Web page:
Will the wind ever remember,
The names it has blown in the past?
Wind is my least favorite form of weather.
Always has been, dating back to walking across the campus at NAU in Flagstaff, a very windy city, carrying a portfolio, trying to keep the wind from bending it in half, ruining a project. Bite me, wind.
I shot mostly video, especially on the “stem” of the loop, the Historic Blue Forest Trail. I really should have shot more stills, but my original concept was to publish two videos: One for the stem and one for the Billings Gap Overlook loop of the Blue Mesa summit. But putting two trails, short they might be, into one production would make the final cut too long. I try to keep my videos under five minutes; even shorter if possible. That means few, if any, segments over 4.5 seconds (3.5 seconds, plus a half second overlapped fade at each end). If there is a longer segment, it is usually a panorama, or some (hopefully) interesting or amusing bit of narration.
Oh boy, was it windy.
Every bit as bad as last year at the Grand Canyon, on the summit of Cedar Mountain, but more sustained. All day long, from when I started around 0900, until I finished sometime after 1400. Waiting for the wind to die down to start a narrated scene, ate up time, as did having to do a bit over when the wind inevitably overwhelmed the narration. I pretty much yelled my dialogue. Even so, reviewing my footage at home, stuff I thought would at least be passable, or tolerable, was inaudible. (As in if I listened really close, I might be able to tell that I was talking, but have not the faintest what I was saying.)
Even where there was no narration, or where I could have muted the narration in favor of music, the camera would be shaking not just due to the minute vibrations caused by walking, but because of the wind blowing against the camera, pushing it around. Even many of my stills were blurry due to the wind. (So much so, I had to fiddle the photos in post to a much greater degree than normal.)
Besides making my creative process a pain, there was the very real danger the wind would cause physical pain. Even of the permanent sort. Between .80 miles and 1.3 miles, almost to the paved Blue Mesa Loop, the trail gets very narrow, either clinging to a hillside, or traversing a razorback spur. The sides are very steep, and there are no obstacles to brake a potential fall: No trees, no rocks, not even cacti. Just more gravel to speed your descent. If you go over the side, you are going all the way to the bottom. (Which will be 100-300 feet down.) There are no hand holds to speak of. Tourists and casual hikers should not attempt that section, even if the wind is neglible.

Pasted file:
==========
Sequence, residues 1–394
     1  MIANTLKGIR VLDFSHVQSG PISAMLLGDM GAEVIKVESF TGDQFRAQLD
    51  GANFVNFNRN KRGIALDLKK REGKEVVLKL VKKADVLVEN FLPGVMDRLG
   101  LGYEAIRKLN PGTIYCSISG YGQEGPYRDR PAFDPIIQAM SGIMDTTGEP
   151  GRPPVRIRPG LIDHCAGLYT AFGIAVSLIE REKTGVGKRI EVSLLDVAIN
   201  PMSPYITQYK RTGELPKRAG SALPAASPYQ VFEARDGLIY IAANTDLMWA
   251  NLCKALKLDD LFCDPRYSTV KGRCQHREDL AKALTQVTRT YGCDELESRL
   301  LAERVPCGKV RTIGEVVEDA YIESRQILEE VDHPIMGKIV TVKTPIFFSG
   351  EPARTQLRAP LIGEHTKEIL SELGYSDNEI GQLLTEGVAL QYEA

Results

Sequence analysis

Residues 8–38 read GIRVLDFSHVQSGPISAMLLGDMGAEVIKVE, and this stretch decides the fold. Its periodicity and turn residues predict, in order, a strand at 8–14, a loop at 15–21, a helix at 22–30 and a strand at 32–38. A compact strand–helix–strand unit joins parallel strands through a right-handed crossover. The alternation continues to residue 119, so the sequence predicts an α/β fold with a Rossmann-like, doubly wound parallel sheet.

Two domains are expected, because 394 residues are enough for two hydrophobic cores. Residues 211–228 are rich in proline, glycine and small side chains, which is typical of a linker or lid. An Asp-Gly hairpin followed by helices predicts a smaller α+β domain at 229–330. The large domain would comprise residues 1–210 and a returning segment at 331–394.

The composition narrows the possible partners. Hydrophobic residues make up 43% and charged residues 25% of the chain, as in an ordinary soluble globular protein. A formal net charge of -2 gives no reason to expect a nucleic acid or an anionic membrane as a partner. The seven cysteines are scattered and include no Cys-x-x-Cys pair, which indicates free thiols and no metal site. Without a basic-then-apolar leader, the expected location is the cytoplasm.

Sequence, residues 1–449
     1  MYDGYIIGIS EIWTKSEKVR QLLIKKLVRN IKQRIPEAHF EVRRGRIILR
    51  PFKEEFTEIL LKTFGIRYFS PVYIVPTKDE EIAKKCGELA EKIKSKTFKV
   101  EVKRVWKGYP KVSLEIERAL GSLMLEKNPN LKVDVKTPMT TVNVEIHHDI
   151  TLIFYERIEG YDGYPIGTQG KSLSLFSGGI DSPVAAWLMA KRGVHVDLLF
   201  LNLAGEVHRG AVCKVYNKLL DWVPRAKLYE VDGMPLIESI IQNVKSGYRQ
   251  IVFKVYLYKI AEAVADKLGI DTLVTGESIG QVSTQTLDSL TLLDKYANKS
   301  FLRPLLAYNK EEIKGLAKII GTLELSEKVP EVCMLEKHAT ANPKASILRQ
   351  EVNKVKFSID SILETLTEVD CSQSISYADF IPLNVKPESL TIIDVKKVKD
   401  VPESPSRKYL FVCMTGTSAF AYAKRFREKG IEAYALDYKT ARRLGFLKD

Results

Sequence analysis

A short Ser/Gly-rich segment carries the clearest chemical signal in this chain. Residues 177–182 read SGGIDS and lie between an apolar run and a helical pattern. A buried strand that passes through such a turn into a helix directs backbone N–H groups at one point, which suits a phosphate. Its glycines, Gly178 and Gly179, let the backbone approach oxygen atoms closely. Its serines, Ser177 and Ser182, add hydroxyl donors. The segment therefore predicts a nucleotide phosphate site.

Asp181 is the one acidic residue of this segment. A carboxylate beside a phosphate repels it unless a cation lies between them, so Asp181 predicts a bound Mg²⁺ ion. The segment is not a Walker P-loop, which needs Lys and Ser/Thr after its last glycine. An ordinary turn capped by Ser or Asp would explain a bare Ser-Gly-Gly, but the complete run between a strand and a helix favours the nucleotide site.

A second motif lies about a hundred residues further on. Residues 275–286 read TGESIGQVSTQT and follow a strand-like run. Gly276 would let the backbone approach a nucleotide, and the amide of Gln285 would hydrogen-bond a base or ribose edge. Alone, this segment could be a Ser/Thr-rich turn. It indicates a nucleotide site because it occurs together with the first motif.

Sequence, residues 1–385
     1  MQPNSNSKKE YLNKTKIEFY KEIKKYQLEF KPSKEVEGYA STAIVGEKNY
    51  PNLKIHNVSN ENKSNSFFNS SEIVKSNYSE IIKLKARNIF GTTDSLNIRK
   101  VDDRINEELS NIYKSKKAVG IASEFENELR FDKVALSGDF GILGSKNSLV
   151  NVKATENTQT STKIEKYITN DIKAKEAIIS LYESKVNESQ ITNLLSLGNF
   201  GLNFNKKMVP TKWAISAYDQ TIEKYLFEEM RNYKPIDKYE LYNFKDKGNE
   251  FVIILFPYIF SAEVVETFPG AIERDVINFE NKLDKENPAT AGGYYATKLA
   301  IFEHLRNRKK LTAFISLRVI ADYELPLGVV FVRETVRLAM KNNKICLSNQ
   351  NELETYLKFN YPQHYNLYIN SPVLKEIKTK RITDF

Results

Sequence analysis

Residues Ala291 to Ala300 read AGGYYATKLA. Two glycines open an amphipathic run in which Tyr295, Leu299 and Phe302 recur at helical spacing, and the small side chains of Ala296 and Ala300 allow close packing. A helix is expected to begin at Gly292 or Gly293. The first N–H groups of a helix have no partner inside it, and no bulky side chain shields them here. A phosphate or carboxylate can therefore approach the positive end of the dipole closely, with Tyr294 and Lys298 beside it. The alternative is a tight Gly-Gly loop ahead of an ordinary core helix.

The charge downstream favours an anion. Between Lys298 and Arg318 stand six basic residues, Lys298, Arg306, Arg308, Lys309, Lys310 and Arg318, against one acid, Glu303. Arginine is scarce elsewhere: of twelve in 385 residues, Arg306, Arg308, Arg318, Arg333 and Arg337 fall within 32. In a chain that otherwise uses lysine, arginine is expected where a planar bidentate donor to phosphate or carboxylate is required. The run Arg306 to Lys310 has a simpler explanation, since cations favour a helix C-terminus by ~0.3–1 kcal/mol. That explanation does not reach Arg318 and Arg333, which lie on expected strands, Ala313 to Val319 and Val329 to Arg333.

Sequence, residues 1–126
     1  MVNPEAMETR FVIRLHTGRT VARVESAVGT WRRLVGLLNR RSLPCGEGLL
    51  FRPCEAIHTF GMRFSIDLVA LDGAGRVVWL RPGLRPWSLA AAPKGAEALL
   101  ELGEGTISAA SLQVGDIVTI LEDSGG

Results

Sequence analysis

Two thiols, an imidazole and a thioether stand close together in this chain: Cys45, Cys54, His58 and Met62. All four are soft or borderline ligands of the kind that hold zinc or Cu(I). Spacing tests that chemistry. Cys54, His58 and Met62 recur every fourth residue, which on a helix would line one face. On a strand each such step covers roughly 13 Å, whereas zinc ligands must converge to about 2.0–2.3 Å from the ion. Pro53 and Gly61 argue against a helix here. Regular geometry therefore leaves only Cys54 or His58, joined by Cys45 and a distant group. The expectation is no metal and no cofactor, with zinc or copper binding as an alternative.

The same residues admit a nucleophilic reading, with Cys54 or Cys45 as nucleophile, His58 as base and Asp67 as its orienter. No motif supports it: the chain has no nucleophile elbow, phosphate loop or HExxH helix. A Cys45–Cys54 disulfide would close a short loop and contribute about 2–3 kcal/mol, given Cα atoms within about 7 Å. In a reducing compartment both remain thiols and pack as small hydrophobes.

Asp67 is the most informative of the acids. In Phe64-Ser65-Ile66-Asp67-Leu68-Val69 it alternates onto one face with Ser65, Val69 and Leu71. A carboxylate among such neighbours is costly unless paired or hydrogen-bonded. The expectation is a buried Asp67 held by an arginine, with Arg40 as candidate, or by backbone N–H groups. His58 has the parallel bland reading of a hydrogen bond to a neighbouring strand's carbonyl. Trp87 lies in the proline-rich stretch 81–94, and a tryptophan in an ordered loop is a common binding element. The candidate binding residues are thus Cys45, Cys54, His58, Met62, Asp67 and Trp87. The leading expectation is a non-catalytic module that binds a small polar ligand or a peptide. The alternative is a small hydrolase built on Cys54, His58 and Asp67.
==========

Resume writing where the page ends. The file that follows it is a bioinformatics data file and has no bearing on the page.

Speaking of trees, there is such a small amount of vegetation along the Historic Blue Forest Trail, that the small cluster of cedar trees at the trail’s highpoint are a very useful navigation aid. However difficult the footing may be, the trail is actually very easy to follow.
The Historic Blue Forest Trail starts at the northbound pullout opposite The Teepees. The first half mile is on a wide, old, CCC-built gravel road, at the end of which is is illegible wooden sign, which probably also dates to the 1930s. From there, the trail goes up 100 ft. of swithbacks, crosses a plateau for a quarter mile, then begins the iffy sections.
At a mile, the trail splits. There is another sign there, but it is also illegible. Stay left. If you explore right, as I did, up 50 ft. of switchbacks is a nice, and safe, observation point (OP 1). After your photo op, you can either rejoin the main trail, or cross the narrowest razorback of all to OP2. It is so narrow, that on my return I froze for several minutes as the wind was simply too much to make my way safely back across it. (Even when I did cross, quickly before another blast, it made me quite nervous.) There is some sort of bolt at OP 2, but no identification plate to indicate it’s purpose, like you see on reference marks. I taped a pano, but did it in two ~180° segments and sitting down, as the last thing I wanted to do was stumble, or be blown, over the side.